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Party bosses hear closing arguments in state Supreme Court, other races

The party’s Supreme Court committee recommended Neville get the endorsement, but the 80 Chicago ward and suburban township Democratic committeemen won’t make their endorsement decision in that race, or other judicial and countywide races, until Friday.

Democrats running for the state’s top court:
Democrats running for the state’s top court: Top row, left to right: Supreme Court Justice P. Scott Neville Jr., appellate court justices Nathaniel Howse and Sheldon Harris; bottom row, left to right: appellate court justices Jesse Reyes and Cynthia Cobbs and lawyer Daniel Epstein. Not pictured Appellate Justice Margaret McBride.
Provide, file, YouTube and campaign photos.

Supreme Court Justice P. Scott Neville Jr. on Thursday moved closer to clinching the endorsement of the Cook County Democratic Party — despite questions about a property tax break someone received on his dead mother’s home.

Neville and others running for the coveted court seat made their pitches for support Thursday to the party bosses.

The party’s Supreme Court committee recommended Neville get the endorsement, but the 80 Chicago ward and suburban township Democratic committeemen won’t make their endorsement decision in that race, or other judicial and countywide races, until Friday.

The committee’s decision to recommend Neville came in spite of questions raised by an NBC 5 report that Neville received a homeowners’ exemption on his deceased mother’s home. Neville’s mother died 28 years ago, but that home has received a homeowners exemption for more than 15 years, according to the report. The law says one must live in the home where they’re trying to get the tax break.

Neville said the Cook County Assessor’s Office had concluded, after its investigation, that “there was no evidence of wrongdoing” on his part.

“Members of my committee spoke with the assessor, and they pointed out there’s no record that I filed for a homestead exemption,” Neville said.

“I haven’t filed one, there’s no record of one.”

Scott Smith, a spokesman for the Cook County assessor’s office, explained that lack of a record in a statement.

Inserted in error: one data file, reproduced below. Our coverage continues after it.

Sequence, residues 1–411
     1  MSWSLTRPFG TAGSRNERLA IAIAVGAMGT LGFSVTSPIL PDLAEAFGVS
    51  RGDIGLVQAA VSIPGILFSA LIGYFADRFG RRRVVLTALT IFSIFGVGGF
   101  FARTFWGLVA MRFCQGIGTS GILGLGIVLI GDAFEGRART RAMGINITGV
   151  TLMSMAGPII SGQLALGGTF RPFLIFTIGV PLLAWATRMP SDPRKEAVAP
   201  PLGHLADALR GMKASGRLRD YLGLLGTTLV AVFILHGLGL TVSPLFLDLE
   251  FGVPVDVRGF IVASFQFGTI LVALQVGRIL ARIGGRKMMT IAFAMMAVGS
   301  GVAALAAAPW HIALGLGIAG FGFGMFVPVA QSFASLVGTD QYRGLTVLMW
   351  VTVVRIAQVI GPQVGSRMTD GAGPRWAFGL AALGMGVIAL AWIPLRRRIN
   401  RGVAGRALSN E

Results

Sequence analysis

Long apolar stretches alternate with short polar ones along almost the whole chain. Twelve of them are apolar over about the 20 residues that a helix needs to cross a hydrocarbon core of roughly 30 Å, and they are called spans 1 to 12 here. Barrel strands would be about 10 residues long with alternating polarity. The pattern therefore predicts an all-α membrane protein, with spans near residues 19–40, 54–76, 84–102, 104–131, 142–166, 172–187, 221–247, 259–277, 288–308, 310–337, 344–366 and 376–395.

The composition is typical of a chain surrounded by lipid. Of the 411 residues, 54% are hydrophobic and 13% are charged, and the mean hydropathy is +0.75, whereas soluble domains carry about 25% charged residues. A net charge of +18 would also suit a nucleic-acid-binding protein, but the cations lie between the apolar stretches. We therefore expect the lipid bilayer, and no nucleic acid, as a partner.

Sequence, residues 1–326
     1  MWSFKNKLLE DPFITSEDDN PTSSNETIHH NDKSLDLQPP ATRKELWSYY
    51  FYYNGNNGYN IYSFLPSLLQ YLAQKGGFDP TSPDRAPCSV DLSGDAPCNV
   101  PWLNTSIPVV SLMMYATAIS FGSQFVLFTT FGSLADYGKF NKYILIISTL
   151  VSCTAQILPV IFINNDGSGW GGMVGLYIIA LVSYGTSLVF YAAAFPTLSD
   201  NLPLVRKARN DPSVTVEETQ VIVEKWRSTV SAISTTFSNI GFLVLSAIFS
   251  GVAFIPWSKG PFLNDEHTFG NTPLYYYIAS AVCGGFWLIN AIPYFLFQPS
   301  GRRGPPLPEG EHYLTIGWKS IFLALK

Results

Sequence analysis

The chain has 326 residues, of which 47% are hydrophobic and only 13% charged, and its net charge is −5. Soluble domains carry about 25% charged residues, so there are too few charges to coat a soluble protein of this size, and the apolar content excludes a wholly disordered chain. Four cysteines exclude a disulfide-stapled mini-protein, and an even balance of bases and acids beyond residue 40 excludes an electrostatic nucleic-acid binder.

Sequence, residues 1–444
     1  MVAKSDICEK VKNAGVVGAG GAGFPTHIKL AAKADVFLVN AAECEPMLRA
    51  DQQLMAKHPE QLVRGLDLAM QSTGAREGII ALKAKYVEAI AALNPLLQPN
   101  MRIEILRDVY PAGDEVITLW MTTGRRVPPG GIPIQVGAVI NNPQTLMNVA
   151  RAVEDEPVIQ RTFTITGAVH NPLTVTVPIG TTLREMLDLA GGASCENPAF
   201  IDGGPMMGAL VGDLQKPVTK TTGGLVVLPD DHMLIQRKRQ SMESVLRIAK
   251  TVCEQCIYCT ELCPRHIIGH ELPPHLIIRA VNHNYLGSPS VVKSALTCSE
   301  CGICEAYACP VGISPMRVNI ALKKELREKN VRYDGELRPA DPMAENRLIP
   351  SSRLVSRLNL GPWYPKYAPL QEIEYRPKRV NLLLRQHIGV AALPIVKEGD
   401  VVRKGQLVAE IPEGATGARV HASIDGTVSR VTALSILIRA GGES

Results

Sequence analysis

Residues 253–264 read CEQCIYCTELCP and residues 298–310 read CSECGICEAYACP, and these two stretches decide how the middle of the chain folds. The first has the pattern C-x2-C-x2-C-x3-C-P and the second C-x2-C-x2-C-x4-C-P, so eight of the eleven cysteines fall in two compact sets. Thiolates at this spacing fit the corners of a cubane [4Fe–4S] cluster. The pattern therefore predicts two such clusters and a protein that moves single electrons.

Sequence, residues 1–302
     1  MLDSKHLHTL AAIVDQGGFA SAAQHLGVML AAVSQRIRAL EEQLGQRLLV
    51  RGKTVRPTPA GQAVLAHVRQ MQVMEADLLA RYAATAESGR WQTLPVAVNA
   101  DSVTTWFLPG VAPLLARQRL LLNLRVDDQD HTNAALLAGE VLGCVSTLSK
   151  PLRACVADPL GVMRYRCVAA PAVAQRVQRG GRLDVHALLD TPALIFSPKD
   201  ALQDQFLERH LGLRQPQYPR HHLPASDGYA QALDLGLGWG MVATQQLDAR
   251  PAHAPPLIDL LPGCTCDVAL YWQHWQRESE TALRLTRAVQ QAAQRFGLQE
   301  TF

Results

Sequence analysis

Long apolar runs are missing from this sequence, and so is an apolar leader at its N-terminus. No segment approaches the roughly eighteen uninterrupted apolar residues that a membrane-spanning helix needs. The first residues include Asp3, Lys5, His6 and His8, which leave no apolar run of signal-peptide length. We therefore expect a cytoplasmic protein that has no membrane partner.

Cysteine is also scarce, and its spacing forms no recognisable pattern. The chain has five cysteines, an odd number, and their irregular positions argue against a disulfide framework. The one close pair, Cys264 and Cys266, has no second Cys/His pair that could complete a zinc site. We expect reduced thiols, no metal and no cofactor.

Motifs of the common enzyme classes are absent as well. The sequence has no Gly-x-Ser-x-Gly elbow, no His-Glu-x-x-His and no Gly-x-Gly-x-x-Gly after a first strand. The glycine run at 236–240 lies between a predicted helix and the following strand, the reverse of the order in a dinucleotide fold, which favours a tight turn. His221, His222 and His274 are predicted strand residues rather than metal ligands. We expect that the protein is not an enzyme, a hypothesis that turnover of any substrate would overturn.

“With the approval of the Local Records Commission, various records, including Homeowners’ Exemption applications from the year 2000, were destroyed by the Assessor’s Office,” Smith said. “Our electronic records indicate whether a property received a homeowner’s exemption, but they do not reflect the name of the applicant. Therefore, we do not have the name of the person who filed for the exemption on this property in 2000.”

Smith said Neville’s name is on the deed, “so he’s responsible for repayment of the erroneous exemption and has been in contact with our office about doing so.”

Neville says his committee has contacted the office and they’re “looking into it to see whether or not anything is owed.”

Other candidates for the seat on the bench of the state’s highest court also came out Thursday to make their case for why they should be endorsed.

One of the most interesting moments came when Appellate Justice Sheldon Harris argued real diversity is picking “a candidate who has the best qualifications, the best resume, the person who could win and you do so without regard to any race, color, creed or sex, that is true diversity.”

Harris and Neville are vying for the seat held by retired Justice Charles Freeman, the first African American elected to the state’s top court. Neville and two of the other candidates are black. Harris is white.

“Diversity is not ‘oh lets look for a black, yellow, green person and see if he fits,’ that’s backwards,” Harris said. “The party has had winners in the past, and the reason it’s had winners in the past is knowledgeable people in this party recognized who the winners were, and they backed the winners. I believe I would be the winner.”

Harris and Ald. Jason Ervin (28th), went back and forth on equality and Harris’ understanding of it before Ervin, who is black, asked if Harris understood “the notion of white privilege.”

Ald. Jason Ervin (28th).
Ald. Jason Ervin (28th). File Photo.
Ashlee Rezin/Sun-Times

“I don’t mean any disrespect sir, but I think you’re being off-base if you think you’re being equal if you pick a candidate based upon their race, color, creed or sex,” Harris said. “That’s what your people have been fighting for years.”

Others seeking the top court spot include appellate court justices Jesse Reyes, Nathaniel Howse, Margaret McBride and Cynthia Cobbs and lawyer Daniel Epstein.

Appellate Justice Sheldon Harris
Appellate Justice Sheldon Harris.
Campaign photo.

A day after Clerk of the Circuit Court Dorothy Brown announced she would not be seeking re-election, the field seeking to take her spot grew by one.

Former Cook County Commissioner Richard Boykin, who was ousted from office after one term last year, said Thursday he wants to be the next clerk of the circuit court. Last month, Boykin said he was eyeing a bid to unseat Cook County States Attorney Kim Foxx.

Boykin sees a run for Brown’s office as a “better situation, because it’s an open seat and I can have maximum impact.”

He intends to appear before Democratic leaders Friday to ask for their endorsement.

He’ll be up against Metropolitan Water Reclamation District Commissioner and former President Mariyana Spyropoulos, Board of Review Commissioner Michael Cabonargi, State Sen. Iris Martinez and lawyer Jacob Meister, who ran against Brown in 2016.

Boykin’s hoping his legislative history will help him woo the democratic committeemen.

“I intend to make the case that they should support me for [the office],” Boykin said. “I hope to persuade them to do that and make the case to Cook County residents too.”